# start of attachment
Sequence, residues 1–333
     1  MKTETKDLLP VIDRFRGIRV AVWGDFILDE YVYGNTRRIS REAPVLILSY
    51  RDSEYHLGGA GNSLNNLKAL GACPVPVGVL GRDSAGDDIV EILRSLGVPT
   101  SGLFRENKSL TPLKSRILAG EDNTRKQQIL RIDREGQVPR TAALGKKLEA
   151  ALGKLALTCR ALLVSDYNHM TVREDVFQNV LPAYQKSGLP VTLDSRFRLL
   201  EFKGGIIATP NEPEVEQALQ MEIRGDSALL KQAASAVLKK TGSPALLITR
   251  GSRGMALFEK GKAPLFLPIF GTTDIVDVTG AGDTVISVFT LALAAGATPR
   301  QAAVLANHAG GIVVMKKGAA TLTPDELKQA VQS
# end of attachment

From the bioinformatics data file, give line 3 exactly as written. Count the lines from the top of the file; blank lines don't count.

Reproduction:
    51  RDSEYHLGGA GNSLNNLKAL GACPVPVGVL GRDSAGDDIV EILRSLGVPT